One of the things I developed a taste for after living in Los Angeles for so long was a nice cooling glass of horchata. This ancient drink made of water, ground nuts, sugar, rice, spices, seeds and what have you stretches throughout the Spanish speaking world. Each country has their own version of this refreshing milky drink, and along with a nice glass of Lychee boba, is one of the two beverages that I can't get here in Sonoma. Okay, I take that back, I can get a very good horchata here given that Sonoma was the capital of Mexico's province of Alta California. As for the boba I'm still working on that one.
The reason I've been fantasizing about horchata all goes back to the case of food poisoning I got last month. I'm pretty much recovered, except for my stomach. I'm still eating a very simple diet which has taken me vegan for the last month. It's pretty easy for me to eat a vegetarian diet as I was a vegetarian for years starting back when I was a teenager. In fact as my relatives reminded me at the family wedding I attended back in July, back in the day, I was the first vegetarian any of them had ever seen. When I first started cooking Indian food 25 years ago it was vegetarian Indian food only. My doctor advised me to introduce new foods slowly, simple things,vegetables and rice etc. Which brings me to horchata. A simple drink made of water, soaked ground rice, and spices. Just what the doctor ordered!
I could have gone over to El Molino Central and just bought some but then I would have been tempted by all the delicious stuff they serve and would probably do something stupid to my stomach that I would regret. I decided to make my own. But rather than leave well enough alone, I wondered if there was an Indian version of horchata our there. Since the spice profiles in Hispanic food and Indian food have a lot of overlap I figured there must be. Sure enough, there was. The most common recipe out there was the one I found on My Recipes and a lot of other sites. It seemed everybody and their uncle had made this Indian flavored horchata, so why not add me to the list?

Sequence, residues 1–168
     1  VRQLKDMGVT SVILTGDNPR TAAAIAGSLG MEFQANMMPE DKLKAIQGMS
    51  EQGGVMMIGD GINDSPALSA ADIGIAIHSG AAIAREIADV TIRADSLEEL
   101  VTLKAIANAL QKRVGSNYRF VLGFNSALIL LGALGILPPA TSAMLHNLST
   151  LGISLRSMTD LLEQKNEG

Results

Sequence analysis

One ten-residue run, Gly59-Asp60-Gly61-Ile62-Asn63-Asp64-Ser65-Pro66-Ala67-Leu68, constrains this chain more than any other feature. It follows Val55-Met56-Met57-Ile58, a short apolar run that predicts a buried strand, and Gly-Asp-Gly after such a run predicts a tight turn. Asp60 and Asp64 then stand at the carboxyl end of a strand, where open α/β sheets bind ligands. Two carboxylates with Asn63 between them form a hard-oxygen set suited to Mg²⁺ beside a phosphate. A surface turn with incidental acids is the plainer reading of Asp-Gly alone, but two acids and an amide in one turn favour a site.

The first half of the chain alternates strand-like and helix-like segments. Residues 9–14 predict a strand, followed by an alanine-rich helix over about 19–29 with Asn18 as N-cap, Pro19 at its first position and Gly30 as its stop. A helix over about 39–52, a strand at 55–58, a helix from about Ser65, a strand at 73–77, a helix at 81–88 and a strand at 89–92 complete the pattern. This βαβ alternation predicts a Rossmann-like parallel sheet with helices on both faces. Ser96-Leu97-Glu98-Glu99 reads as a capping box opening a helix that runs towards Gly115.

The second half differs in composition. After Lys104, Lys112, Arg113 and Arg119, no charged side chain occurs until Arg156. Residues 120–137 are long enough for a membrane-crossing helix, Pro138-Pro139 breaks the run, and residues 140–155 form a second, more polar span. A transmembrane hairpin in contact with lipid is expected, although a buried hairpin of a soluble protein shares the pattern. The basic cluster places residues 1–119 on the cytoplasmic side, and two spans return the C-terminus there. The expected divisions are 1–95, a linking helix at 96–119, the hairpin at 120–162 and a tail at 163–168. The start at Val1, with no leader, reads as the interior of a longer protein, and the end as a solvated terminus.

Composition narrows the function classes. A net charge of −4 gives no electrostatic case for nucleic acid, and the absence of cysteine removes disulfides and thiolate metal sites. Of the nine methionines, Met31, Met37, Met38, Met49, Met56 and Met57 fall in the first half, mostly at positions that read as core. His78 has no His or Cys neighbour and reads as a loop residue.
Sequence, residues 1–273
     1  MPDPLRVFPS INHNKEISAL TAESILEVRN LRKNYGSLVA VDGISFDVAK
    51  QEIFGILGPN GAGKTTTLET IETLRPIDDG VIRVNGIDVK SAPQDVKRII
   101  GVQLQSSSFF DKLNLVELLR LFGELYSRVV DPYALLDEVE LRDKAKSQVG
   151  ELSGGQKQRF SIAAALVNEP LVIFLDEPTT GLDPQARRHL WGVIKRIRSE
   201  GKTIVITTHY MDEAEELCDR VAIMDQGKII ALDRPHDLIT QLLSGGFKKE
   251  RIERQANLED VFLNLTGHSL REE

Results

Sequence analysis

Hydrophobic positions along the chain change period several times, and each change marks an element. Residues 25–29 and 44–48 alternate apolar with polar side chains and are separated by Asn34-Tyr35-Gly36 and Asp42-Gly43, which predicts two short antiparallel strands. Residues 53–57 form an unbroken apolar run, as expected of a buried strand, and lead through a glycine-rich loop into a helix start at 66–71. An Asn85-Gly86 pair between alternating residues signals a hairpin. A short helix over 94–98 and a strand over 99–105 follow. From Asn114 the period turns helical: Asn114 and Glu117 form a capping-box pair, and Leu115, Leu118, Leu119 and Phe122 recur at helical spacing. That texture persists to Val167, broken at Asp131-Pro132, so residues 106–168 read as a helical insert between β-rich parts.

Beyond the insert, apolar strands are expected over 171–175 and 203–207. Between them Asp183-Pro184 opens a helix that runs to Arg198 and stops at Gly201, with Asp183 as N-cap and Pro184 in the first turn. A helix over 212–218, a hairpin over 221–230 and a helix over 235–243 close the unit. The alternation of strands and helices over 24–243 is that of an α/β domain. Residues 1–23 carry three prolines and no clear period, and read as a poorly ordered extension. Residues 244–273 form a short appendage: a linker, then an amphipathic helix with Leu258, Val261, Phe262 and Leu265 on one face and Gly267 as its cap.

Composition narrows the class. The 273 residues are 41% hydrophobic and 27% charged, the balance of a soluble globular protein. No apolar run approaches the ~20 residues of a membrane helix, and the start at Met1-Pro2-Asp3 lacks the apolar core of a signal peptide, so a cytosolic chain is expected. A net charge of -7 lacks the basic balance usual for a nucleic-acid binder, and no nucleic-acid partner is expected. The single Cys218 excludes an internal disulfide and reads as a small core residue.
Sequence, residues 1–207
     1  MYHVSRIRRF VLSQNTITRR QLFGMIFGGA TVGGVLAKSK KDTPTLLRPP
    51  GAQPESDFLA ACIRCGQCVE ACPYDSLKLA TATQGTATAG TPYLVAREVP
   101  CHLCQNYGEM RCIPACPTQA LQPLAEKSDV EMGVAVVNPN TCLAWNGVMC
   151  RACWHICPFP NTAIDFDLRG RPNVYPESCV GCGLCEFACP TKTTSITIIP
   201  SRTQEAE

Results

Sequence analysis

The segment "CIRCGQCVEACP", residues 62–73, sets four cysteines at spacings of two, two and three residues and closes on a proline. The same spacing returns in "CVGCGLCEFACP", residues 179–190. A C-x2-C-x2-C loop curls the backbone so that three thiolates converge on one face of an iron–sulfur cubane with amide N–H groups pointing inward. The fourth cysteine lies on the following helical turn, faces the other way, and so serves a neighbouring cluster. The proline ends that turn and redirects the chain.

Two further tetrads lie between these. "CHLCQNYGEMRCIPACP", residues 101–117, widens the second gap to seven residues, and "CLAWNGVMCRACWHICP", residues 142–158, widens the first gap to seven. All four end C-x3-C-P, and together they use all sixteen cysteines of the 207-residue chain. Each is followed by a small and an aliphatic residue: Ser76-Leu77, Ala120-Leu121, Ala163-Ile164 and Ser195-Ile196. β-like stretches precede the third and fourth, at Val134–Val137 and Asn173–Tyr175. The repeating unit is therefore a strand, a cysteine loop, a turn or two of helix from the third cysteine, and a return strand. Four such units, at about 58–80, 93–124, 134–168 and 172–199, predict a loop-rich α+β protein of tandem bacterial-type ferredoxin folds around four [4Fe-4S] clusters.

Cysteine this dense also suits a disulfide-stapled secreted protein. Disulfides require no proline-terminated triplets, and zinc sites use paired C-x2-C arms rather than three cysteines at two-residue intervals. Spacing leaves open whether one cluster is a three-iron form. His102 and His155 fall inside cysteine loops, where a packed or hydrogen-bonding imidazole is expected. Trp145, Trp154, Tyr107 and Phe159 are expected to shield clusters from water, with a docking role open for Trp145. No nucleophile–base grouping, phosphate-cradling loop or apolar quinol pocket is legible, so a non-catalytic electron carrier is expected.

Horchata With Indian Spices
Here's what You Need:
1 cup of basmati rice
3 and 1/2 cups of water
1 cinnamon stick
3 green cardamom pods cracked open
1 teaspoon good quality vanilla
1/3 cup of sugar
Here"s What To Do:
Scoop 1 cup of clean basmati rice into a food processor.
Grind it up into small bits.
This takes a while.
Pour it into a bowl along with 3 1/2 cups of water and the cinnamon stick and cardamom seeds.
Add in the vanilla and sugar.
Stir everything around until it's well mixed.
Pour it into a container that can be covered.
Pop the top on and stick it into the fridge overnight.
The next day, pour the mixture into a blender. You can do this in two batches.
Grind everything up.
While the mixture is getting ground to bits, place cheese cloth over a bowl and get ready to strain your horchata.
Pour the liquid through the cheese cloth into the bowl.
Squeeze the liquid through the cloth.
Even though the recipe says to filter it though 3 layers of damp cheesecIoth, I actually filtered mine 3 times to insure a nice smooth milky texture.
Third times the charm!
Finally pour the mixture through a fine mesh strainer.
Then pour the strained horchata into a pitcher.
There you have it, a perfectly refreshing drink for a hot August day unpacking moving boxes. Shortly after I made this horchata, I ran across a different recipe for it by Manjula which I can't wait to try. It's weird breaking in my new kitchen with such a simple recipe, but that's the breaks in food poisoning land. Every day I add something new, yesterday it was apples and avocados. Coming up next dal, easy to make easy on the stomach. Follow along on Twitter @kathygori